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 Tatyana Pelttser


Born:   6 June 1904
Deceased:   16 July 1992

was a great Russian comic and tragic actress

      

Tatyana Ivanovna Pelttser was born on 6 June 1904 in Moscow, into the family of the well-known actor Ivan Pelttser. She first took the stage at the age of nine. Till 1925 the actress worked in provincial theatres. From 1925 to 1940 she was engaged in MGSPS Theatre (Moscow) and from 1940 to 1947 in Moscow Theatre of Miniatures. From 1947 she was the leading actress of Satire Theatre.

Tatyana Pelttser made her film debut in the satirical comedy Marriage (Svadba) (1944), and then appeared in the drama She Defends the Motherland (Ona zashchishchayet rodinu) (1943). Her first remarkable film role was that of Plaksina in Grigori Kozintsev and Leonid Traubergs Simple People (Prostye lyudi) (1946) Simple People. The actress gained enormous popularity with her role of Lukerya in the stage play Bride with a Dowry (Svadba s pridanym) (1953), which was filmed and demonstrated in the countries cinemas on a large scale. It was followed by another successful film, namely Soldier Ivan Brovkin (Soldat Ivan Brovkin) (1955), where she played the main characters mother.

Her first role in the Satire Theatre was that of Mrs. Jacobs in Evgeny Petrovs pamphlet Island of Peace. Afterwards she acted in the plays Someone Elses Child, The Split Cup, Bride with a Dowry, Choir, My Hopes, Spinster, My House is My Castle, Breakfast with the Leader, Intervention, House of Breaking Hearts, Prisoner of Time, Speed 1929, Kid and Carlson, and only two roles from the classical repertoire: in No man is wise at all times and The Fat Job. In her benefit role of Aunt Tonia in the play Wake Up and Sing Tatyana Pelttser would sing, dance and fly upstairs with the sprite of a young girl, though she was already nearly seventy. In the same captivating manner she performed Marselina in the play Crazy Day, or Marriage of Figaro. Among the great number of her roles in Satire Theatre there stood out her lead in Mother Courage and Her Children. In this role she displayed no habitual gaiety and mischievous glitter in her eyes: it was an aged woman worn out by war and deprived of her children.

In 1972 Tatyana Ivanovna Pelttser became the Peoples Artist of the USSR, the first one in the 48 years of the Satire Theatres existence.

After the stage director Mark Zakharov shifted to the Lenkom Theatre, it became harder for Tatyana Ivanovna to work in the Satire Theatre. Once during a rehearsal she quarreled with the theatres principal director Valentin Pluchek and left for Lenkom.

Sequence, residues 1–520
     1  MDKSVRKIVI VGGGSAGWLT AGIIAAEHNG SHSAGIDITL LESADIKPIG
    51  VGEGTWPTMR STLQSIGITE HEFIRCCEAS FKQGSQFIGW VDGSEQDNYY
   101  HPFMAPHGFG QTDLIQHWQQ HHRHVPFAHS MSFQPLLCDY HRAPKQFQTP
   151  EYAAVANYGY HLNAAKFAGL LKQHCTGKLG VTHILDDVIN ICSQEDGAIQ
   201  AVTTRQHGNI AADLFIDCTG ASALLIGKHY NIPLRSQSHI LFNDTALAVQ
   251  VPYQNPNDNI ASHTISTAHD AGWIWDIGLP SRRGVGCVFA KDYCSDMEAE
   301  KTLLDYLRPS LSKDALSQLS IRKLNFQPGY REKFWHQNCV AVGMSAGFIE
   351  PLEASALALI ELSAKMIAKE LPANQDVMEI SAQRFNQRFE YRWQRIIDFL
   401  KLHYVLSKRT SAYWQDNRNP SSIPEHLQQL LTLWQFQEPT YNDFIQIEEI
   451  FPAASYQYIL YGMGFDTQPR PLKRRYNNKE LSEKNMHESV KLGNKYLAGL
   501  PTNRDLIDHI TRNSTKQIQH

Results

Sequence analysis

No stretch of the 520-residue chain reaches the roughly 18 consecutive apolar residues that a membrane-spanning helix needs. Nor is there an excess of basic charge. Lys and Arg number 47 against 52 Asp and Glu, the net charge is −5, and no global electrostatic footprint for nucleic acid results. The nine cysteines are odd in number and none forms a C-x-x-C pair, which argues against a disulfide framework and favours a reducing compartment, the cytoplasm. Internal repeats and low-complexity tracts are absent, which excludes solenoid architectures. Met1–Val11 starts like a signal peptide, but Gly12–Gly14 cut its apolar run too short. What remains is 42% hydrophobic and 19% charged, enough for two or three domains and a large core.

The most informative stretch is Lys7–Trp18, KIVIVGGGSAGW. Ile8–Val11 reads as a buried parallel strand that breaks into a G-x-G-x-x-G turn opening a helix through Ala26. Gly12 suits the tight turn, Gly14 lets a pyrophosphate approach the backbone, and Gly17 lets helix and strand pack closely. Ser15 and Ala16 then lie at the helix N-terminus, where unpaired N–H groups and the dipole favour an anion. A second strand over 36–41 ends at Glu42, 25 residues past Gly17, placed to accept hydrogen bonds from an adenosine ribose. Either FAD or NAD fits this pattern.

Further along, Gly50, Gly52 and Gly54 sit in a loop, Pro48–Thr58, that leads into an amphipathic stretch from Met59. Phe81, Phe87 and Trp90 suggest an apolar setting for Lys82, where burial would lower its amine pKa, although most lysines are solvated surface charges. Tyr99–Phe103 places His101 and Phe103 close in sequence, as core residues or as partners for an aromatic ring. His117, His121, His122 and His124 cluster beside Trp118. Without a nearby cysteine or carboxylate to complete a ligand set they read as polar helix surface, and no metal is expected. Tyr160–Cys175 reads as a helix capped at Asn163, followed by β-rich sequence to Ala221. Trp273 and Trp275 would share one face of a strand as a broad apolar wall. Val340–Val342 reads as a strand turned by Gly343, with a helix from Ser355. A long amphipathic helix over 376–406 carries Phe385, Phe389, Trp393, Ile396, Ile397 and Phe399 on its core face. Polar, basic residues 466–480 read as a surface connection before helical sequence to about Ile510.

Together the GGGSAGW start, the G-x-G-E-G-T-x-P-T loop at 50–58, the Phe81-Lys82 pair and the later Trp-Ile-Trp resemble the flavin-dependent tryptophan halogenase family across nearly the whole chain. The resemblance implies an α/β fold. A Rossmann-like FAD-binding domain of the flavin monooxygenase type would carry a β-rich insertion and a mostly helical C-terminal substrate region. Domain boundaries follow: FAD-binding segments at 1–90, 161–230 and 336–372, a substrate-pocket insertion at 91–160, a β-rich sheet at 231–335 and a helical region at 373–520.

Like a young pioneer, Tatyana Ivanovna was always ready for filming, even in her eighties. She often worked with unknown directors, because they needed her help, as she explained to her friends. She always kept her travel bag with a compulsory exercise mat ready to be able to rush off wherever she was invited for filming. Once in a theatre when hearing some young actors complains she exclaimed: Why are you lamenting! Just live and be joyful about that living is such a gift!

In the late years of her life Tatyana Ivanovna Pelttser started loosing her memory. She could hardly move and memorize her text, and constantly confused her cues. Yet, all the company loved the merited actress and wanted her to go on playing. Specially for her Mark Zakharov staged the play A Funeral Prayer after the scenario by Grigori Gorin, who made up for her the character of the old Jewish woman Berta for Tatyna Pelttser. Aleksandr Abdulov who played her son accompanied her onto the stage and did it so carefully and delicately as if she were a fragile treasure. Her role had just a few words, but the viewers did not care. Every appearance of her on stage evoked extraordinary joy and exultation.

In 1992 after a nervous breakdown Tatyana Ivanovna found herself in a hospital again. There she fell down and fractured her femoral neck. There was only one outcome for the 88 year old person. On 16 July 1992 Tatyana Ivanovna Pelttser passed away.

Tatyana Pelttser was laid down to rest at Vvedenskoe Cemetery nearby her fathers grave.

Sources:
 kino-teatr.ru
 peoples.ru


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